I get letters from readers. Oh boy, do I get letters from readers! I received one in response to my September 11, 2005, column entitled “Have You Thanked Mexico Yet?”. The subject line of this guy’s e-mail read, “Have You Thanked Mexico Yet?–For what? A truckload of tortillas?”
Now, lest I betray the convictions about which I write, let me say that I understand this guy has his opinions. He is entitled to Free Speech. I do not begrudge him his opinion. Readers can write me and have “their say”. However, readers rarely want me to return the favor by allowing me to respond to their emails and letting me have “my say”. After all, if they go to all that trouble to think of such clever things like, “Have You Thanked Mexico Yet?–For what? A truckload of tortillas?”, wouldn’t I be rude NOT to respond?
(By the way did you know that the word, “baloney”, as in “phony-baloney” is spelled, “baÃ?Â·loÃ?Â·ney” and is a variant of the word, “bologna”? You would be amazed what you can learn when you finally figure out there is something called a dictionary where you can learn all sorts of things. Moving on.) 1
What is with the issue of, “Have You Thanked Mexico Yet?–For what? A truckload of tortillas?”? Why are so many Americans seemingly ready to keep negative stereotypes about Mexicans stuck in their crops? Why do so many of “us” want to believe that a Mexican cannot have a good motive?
I could respond to this reader’s snide remark with unfair and gross generalizations about Americans. However, to make a generalization that all Americans are ________ would be as unfair as the never-ending stream of gross generalizations I get in my inbox about Mexicans.
Tell me then, because this is too hard for my feeble brain, why are so many people willing to live their lives according to untested assumptions?
May I suggest you take the following little test? I have used it in a recent struggle with this matter of untested assumptions.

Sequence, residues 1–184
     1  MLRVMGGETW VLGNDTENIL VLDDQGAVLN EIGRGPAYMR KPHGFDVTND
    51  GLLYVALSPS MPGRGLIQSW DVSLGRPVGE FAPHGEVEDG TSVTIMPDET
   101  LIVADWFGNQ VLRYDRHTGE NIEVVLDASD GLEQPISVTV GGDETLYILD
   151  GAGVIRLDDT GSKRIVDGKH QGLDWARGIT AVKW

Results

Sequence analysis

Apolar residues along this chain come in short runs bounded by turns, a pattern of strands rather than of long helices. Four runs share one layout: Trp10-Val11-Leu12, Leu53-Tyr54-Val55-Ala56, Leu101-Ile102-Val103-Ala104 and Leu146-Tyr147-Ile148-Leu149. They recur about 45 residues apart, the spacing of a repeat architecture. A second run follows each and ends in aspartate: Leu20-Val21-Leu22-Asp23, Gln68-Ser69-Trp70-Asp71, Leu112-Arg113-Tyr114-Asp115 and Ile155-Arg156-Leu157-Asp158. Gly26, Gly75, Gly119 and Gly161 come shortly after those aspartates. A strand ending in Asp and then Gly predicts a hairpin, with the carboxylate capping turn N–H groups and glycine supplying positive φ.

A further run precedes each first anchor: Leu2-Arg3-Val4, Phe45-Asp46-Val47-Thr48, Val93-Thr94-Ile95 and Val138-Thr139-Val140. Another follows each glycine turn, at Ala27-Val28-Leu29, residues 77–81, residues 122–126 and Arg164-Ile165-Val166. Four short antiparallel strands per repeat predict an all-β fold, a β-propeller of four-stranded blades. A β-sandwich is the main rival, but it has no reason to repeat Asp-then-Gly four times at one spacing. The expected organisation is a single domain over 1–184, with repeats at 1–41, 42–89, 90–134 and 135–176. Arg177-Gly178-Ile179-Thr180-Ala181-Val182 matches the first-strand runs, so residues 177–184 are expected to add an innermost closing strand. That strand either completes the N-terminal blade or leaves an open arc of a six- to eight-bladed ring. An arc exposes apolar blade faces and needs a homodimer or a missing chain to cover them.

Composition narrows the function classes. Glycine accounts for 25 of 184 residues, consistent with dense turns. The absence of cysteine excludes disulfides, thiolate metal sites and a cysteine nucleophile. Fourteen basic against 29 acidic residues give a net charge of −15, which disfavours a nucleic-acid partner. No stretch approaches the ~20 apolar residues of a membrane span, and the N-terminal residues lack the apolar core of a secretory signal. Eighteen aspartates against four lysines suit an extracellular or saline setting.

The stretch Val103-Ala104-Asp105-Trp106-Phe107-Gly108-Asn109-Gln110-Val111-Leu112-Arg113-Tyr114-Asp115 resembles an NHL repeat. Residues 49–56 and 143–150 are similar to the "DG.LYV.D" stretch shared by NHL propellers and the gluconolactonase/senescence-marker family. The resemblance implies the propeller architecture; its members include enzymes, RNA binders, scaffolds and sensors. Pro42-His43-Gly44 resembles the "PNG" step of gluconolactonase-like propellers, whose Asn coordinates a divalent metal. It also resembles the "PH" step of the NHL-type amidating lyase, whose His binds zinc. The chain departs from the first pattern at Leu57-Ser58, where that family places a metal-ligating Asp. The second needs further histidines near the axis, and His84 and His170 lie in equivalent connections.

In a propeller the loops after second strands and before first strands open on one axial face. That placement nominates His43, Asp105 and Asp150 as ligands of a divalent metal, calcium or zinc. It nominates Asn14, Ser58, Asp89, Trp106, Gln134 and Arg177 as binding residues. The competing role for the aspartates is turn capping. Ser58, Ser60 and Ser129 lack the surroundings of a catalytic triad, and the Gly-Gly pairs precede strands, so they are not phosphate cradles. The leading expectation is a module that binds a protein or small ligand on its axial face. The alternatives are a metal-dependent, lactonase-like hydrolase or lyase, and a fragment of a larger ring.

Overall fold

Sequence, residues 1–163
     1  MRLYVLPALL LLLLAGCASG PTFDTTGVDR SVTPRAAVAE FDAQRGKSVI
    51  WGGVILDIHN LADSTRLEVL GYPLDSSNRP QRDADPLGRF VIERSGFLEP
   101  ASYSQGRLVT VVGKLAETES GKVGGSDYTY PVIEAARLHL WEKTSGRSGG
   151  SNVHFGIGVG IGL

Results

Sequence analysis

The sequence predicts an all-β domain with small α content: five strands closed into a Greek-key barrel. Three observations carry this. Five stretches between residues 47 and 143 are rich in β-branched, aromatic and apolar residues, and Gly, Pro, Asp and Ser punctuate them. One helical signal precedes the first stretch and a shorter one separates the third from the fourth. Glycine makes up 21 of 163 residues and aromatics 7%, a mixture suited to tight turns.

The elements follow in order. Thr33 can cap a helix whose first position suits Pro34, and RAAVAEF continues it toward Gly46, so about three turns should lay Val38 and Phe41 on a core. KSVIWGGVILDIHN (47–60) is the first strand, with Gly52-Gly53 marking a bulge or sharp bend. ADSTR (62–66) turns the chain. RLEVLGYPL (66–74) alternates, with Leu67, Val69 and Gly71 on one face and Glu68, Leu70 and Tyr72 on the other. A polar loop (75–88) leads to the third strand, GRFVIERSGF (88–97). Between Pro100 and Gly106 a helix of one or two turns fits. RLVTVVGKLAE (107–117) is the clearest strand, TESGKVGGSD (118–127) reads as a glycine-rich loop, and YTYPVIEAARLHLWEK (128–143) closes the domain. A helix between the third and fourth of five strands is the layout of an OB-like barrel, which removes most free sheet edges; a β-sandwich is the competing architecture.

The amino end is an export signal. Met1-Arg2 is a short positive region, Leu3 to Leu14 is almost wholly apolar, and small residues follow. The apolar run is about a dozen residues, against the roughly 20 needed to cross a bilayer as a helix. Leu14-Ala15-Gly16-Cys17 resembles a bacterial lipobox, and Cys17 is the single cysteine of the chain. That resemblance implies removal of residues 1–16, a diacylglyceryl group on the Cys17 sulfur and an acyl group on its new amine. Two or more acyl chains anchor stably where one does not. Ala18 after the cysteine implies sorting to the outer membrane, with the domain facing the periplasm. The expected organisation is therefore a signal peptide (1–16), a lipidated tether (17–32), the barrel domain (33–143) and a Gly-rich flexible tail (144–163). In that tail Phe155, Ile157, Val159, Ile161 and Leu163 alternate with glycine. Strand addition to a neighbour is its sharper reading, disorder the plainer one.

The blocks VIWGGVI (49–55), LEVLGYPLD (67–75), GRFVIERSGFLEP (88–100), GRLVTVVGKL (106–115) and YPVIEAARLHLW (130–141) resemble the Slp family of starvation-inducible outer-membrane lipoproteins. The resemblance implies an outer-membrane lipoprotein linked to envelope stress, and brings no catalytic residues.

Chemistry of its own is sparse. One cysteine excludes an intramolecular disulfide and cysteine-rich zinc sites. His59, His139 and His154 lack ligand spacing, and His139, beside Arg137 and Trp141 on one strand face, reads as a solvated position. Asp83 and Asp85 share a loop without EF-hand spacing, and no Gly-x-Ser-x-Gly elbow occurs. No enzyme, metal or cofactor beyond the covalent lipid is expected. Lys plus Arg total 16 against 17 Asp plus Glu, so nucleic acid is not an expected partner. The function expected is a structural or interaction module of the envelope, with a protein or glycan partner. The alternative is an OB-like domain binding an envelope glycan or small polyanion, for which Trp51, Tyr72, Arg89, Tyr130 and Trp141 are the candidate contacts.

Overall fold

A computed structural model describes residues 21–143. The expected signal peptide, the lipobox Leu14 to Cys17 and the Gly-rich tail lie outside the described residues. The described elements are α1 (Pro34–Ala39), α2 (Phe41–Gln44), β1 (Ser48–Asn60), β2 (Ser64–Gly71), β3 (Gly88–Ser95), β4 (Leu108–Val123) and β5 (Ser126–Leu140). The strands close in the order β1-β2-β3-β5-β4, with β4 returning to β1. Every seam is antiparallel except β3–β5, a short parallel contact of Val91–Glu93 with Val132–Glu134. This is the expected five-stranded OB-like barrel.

SYMPTOM ONE: You hear something that doesn’t square with your dearly-held beliefs. Your chest starts feeling tight, you start breathing hard, and your head starts pounding. You feel you might stroke out or at least come close to pitching a major hissy-fit. If these are true, then you are living your life according to untested assumptions. Either that or you are having a really bad hair day and your kid just threw up.
SYMPTOM TWO: If you hear something that doesn’t square with your dearly-held beliefs, you have this urge to write the most insanely vitriolic e-mail to an editor. You are so upset you even demand someone apologize for your erroneously perceived misspelling of a single word.
SYMPTOM THREE: You hear something that doesn’t square with your dearly-held beliefs. It so upsets you that you are moved to criminal acts such as spamming the person with whom you disagree. You even send him three, count them–three, computer viruses by e-mail. You are so upset you even forget to disguise the e-mail and put your real name and e-mail address on the virus-laden e-mail.
Recognize the Assumption: If all three of the above symptoms characterize your reaction to news stories you read or hear, then you are living your life according to untested assumptions. You should probably keep the phone number of your local county mental-health center handy.
Write down your assumptions: “A documented assumption is more likely to be tested than one held loosely in the mind because assumptions are more tangible in writing, and reading an assumption creates objective distance.” 2
Turn your assumption into a question: “Turning your assumptions into questions isn’t as simple as putting a question mark at the end of a sentence. You also must make a mental shift from belief to curiosity. In order to do that, you may have to ask yourself questions like: “Why do I think this?” “Could I be mistaken about this?” “Does recent experience support my belief?” “How can I add depth and richness to my understanding?” 3
Can you begin to imagine the humility involved in this last step? In other words, you will actually be asking yourself probing questions. You will be doing some self-examination.
“Now just how and why would I think Mexico is bringing nothing but a handful of tortillas to the Katrina hurricane victims?”
“How do I really know that Mexico’s President Fox is in cahoots with the drug lords? Can I read the man’s mind?”
“How do I really know the Mexicans who are helping America’s hurricane victims are just performing an empty gesture”?
(And, by the way did you know that the word, “baloney”, as in “phony-baloney” is spelled, “baÃ?Â·loÃ?Â·ney”?)
NowÃ¢Â?Â¦I’ve had my say!
2 Robert Hargrove, Mastering the Art of Creative Collaboration (McGraw-Hill, 1998)Peter Senge, The Fifth Discipline (Doubleday, 1990